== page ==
Shots fired at California police car; Woman on ride-along injured

(Courtesy: ABC News)
(Courtesy: ABC News)

MADERA, Calif. (AP) — A woman interested in becoming a police officer who was on a weekend ride-along in a California police cruiser was hurt by flying glass when shots were fired through the cruiser’s front windshield, police said Monday.

More than a dozen shots were fired at the cruiser from a car being pursued in the central California city of Madera.

Two shots smashed the windshield, narrowly missing the woman and the police officer driving the cruiser, said Madera police Detective Sgt. Johnnie Smith

The woman can be heard on audio from dash camera video pleading for the officer not to continue pursuing the Mazda sports utility vehicle after someone in the vehicle opened fire at the cruiser.

The Fresno Bee reports the incident happened when the officer tried to stop the Mazda sports and the vehicle took off.

The woman was participating in a course for citizens to get an inside look into police work, Smith said. He declined to identify her or the officer.

The woman was shaken and received cuts but was not seriously injured, Smith said.

The events unfolded at about 4:30 a.m. Sunday, when the officer decided to stop the SUV because one of its lights was not working, Smith said.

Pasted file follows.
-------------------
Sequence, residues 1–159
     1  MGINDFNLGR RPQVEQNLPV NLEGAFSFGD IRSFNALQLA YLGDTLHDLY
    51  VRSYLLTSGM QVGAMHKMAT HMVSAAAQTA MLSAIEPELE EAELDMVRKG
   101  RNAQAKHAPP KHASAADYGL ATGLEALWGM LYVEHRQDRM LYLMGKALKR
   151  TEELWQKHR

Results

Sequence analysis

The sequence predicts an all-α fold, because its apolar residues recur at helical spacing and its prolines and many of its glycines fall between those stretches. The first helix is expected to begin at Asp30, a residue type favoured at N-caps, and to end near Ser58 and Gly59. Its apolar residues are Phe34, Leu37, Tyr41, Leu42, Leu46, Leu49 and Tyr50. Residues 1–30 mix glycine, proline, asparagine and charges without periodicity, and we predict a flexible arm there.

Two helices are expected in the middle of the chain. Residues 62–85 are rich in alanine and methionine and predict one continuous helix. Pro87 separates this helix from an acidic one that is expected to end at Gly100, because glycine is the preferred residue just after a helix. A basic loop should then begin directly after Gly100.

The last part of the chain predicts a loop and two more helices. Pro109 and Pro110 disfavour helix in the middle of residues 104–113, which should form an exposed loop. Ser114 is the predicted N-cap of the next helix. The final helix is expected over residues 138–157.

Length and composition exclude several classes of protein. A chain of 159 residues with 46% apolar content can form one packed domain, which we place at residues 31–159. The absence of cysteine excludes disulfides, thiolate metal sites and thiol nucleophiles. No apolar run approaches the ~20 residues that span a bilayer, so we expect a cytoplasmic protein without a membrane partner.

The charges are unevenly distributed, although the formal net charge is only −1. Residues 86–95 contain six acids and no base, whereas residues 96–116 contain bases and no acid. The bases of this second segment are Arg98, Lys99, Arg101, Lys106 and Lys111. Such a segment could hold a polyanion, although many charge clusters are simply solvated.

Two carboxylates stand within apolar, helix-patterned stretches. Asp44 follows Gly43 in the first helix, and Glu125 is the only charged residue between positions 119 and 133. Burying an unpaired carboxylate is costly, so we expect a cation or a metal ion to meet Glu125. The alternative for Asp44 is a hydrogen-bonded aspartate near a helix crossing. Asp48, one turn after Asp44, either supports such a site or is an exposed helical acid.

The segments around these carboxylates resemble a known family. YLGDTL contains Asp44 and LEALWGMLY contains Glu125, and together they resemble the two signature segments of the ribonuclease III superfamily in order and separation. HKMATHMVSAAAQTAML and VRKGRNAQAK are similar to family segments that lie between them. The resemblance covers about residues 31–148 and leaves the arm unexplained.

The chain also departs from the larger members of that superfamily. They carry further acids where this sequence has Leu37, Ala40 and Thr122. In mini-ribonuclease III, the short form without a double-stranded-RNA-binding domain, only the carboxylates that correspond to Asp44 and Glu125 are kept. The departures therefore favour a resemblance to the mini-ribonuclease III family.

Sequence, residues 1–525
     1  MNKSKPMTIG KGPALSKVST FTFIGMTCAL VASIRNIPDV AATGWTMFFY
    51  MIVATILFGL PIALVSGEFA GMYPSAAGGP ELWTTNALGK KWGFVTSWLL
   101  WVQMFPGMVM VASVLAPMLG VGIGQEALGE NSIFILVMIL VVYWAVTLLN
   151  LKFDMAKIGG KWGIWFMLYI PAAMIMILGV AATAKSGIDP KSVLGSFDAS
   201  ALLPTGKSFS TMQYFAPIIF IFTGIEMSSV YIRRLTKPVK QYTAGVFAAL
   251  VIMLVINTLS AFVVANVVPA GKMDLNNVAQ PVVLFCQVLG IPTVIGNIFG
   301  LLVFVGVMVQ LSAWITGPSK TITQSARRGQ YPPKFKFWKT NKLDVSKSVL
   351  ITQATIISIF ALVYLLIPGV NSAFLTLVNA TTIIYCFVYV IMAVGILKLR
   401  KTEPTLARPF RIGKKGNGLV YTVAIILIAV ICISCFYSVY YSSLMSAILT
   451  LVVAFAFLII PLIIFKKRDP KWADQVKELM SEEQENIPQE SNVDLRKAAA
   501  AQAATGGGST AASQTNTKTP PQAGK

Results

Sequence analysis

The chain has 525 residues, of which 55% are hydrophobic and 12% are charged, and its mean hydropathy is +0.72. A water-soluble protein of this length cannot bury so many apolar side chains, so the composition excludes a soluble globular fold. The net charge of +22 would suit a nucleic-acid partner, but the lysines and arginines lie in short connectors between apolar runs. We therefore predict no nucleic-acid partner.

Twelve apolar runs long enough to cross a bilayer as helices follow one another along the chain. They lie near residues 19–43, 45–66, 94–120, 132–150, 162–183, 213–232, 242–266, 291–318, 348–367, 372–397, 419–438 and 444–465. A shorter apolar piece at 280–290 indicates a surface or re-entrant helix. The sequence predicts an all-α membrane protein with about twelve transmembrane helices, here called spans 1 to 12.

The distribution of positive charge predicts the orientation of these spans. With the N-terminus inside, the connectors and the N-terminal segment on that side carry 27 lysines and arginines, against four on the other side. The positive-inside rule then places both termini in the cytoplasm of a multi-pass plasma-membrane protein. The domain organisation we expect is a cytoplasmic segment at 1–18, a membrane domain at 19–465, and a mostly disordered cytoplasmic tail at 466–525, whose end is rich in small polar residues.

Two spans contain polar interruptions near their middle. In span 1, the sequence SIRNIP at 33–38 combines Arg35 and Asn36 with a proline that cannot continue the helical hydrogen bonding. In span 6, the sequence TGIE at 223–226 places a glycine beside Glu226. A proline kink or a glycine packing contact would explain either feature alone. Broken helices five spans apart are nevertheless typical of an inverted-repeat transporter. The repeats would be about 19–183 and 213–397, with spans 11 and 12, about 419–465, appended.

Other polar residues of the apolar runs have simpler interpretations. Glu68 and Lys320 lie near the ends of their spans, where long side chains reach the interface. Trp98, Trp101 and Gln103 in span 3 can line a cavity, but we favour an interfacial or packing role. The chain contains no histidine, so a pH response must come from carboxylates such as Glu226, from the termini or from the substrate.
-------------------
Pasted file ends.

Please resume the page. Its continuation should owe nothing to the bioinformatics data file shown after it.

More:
The driver appeared ready to stop, but then took off and went through stop signs without stopping.

Just before shots rang out, the woman can be heard on the audio saying: “He has a gun, oh no!”

Two bullets hit the windshield and one hit one of the cruiser’s tires, disabling the cruiser and forcing the officer to stop his pursuit.

Police found the SUV few blocks from where the officer last saw it and recovered an AR15-style pistol.

Police are searching for at least two suspects but no arrests have been made, Smith said.

The department said the officer had just finished training and was on his second week working solo in a police cruiser.

Civilians are allowed to ride-alongs with police if the department gives approval.

The ride-alongs are part of the course offered by the department for people to learn how police do their jobs.